13. These are best to eat at least 24 hours after sandwiching as the shells go very soft. However, they are still delicious straight after assembly! They should keep in an airtight container for around a week (they will get softer as time progresses).

14. Enjoy!

If you liked these, here are my other macaron recipes :)

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Tuesday, 27 February 2018

My Favourite Chocolate Cupcakes

These chocolate cupcakes are easily my favourite cupcake! The sponge is deeply chocolatey and stays incredibly moist due to the use of oil in the batter (rather than butter). I had a couple left after a week (after baking these, my boyfriend decided to cut down on the sweet stuff, and I hadn't managed to eat them all myself!) and the sponges hadn't dried up at all!

I topped the cupcakes with a chocolate buttercream - I'm normally not a huge fan of cocoa-based buttercreams as I don't find the flavour chocolatey enough for me. To make the perfect chocolate buttercream, therefore, I melted 50g of dark chocolate and added this to the buttercream. Wow, this is cupcake packs a chocolate-hit!! Just to make the cupcakes even better, I sprinkled the tops with some crushed cocoa nibs (but you could use chocolate sprinkles if you like).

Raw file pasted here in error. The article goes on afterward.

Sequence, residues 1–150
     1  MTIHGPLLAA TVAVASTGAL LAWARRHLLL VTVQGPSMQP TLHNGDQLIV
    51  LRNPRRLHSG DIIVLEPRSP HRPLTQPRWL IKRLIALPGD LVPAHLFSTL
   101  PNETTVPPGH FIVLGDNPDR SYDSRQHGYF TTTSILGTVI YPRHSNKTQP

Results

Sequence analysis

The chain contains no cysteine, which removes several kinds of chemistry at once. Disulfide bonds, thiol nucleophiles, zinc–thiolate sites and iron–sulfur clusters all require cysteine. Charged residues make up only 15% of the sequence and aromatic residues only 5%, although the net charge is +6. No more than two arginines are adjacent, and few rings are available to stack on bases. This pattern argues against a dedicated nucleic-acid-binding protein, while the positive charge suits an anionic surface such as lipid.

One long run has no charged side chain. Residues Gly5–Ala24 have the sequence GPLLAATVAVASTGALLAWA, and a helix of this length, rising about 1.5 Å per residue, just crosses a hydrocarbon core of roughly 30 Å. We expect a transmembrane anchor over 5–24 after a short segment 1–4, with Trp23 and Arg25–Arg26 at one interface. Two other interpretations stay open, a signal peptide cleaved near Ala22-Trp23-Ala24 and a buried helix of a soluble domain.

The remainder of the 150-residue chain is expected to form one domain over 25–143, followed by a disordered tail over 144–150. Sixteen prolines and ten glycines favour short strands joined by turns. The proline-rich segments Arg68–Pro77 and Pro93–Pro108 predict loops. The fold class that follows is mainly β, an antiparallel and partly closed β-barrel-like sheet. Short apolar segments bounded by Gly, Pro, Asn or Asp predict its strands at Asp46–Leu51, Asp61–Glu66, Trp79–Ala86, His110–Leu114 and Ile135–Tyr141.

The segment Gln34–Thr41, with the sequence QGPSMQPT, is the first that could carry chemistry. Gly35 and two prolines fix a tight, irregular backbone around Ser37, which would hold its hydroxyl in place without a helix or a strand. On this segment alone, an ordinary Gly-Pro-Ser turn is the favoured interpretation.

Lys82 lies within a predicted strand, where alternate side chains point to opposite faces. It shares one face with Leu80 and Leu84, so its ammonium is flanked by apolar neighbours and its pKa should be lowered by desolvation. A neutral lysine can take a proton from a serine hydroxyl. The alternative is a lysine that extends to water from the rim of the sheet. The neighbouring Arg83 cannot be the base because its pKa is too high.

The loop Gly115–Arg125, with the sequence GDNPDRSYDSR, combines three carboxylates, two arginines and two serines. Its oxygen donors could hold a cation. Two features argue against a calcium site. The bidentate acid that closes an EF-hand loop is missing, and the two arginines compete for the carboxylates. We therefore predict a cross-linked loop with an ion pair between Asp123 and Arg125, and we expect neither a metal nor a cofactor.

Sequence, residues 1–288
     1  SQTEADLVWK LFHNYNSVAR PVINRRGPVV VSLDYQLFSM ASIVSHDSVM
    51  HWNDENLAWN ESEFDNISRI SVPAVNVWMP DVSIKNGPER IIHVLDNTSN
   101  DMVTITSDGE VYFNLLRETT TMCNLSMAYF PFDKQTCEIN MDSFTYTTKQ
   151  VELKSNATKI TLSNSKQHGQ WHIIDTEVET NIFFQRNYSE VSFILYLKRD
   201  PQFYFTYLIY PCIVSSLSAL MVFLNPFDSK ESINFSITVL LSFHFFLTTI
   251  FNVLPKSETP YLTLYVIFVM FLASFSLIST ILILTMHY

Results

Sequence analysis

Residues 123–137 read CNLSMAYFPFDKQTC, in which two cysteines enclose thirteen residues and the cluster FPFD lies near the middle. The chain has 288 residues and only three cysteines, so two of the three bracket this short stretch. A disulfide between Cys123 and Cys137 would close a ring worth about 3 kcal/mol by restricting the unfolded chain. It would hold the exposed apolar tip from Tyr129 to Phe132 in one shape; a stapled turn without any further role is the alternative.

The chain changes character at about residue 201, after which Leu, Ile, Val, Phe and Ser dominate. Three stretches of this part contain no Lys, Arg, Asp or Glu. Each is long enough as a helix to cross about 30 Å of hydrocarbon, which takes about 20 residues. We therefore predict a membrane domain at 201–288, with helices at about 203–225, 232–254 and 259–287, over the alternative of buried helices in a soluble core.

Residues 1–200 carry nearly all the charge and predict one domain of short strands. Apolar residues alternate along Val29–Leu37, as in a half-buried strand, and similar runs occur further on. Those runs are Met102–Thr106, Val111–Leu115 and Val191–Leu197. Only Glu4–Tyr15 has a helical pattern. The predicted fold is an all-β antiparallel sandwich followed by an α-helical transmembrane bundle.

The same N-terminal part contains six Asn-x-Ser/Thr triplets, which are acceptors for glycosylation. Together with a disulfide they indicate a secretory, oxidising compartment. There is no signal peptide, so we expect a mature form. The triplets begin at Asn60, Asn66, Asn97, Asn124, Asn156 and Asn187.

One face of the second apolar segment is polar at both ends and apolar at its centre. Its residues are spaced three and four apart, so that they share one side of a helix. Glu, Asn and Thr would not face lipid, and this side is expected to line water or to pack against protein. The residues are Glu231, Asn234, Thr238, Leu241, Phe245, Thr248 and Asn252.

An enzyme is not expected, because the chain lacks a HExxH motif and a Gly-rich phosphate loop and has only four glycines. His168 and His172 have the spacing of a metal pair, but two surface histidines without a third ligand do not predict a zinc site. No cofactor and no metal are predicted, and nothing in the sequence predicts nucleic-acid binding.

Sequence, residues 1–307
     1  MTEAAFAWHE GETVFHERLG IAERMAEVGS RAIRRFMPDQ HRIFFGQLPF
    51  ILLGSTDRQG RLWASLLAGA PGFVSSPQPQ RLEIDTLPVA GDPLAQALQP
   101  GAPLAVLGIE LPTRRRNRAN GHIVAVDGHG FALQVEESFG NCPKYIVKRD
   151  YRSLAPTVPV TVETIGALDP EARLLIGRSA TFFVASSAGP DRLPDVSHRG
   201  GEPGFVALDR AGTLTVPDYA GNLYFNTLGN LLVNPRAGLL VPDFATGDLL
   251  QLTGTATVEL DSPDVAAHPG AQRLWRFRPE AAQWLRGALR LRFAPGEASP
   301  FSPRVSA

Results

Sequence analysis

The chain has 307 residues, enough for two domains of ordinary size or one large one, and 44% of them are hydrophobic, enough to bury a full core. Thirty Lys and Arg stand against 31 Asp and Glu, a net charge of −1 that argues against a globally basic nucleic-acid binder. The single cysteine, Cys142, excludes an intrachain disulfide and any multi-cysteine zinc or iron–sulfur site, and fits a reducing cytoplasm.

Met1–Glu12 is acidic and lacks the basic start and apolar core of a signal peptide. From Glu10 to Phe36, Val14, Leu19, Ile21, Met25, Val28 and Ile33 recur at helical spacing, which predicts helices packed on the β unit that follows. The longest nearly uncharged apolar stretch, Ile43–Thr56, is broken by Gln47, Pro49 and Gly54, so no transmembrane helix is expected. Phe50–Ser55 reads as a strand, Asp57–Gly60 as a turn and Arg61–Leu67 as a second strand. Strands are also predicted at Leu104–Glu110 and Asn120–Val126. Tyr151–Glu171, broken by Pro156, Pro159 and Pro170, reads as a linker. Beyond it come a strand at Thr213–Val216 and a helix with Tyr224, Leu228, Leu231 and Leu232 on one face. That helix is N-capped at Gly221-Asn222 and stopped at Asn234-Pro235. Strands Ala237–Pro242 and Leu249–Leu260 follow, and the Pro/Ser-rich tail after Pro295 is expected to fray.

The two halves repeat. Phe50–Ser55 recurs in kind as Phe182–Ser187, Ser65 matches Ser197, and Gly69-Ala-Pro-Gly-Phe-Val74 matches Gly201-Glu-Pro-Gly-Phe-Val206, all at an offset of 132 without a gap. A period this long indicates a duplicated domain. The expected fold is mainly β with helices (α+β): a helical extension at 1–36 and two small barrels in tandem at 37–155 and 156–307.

Makes 12


For the cupcakes:

  • 100g (3/4 cup) plain flour
  • 40g (1/2 cup) cocoa powder (the best quality you can afford)
  • 3/4 tsp baking powder
  • 1/2 tsp bicarbonate of soda
  • 2 eggs
  • 100g (1/2 cup) caster sugar
  • 100g (1/2 cup + 2tsp) light soft brown sugar
  • 80ml (1/3 cup) vegetable oil
  • 2 tsp vanilla extract
  • 120ml (1/2 cup) milk (I used skimmed but I'm sure any milk would work well)
  • 1 tsp lemon juice
  • Pinch of salt

For the chocolate buttercream:

  • 50g (1/4 cup) dark chocolate (I used 55% cocoa solids)
  • 100g (2/5 cup) butter, softened
  • 200g (2 cups) icing sugar, sieved
  • 1 tsp vanilla extract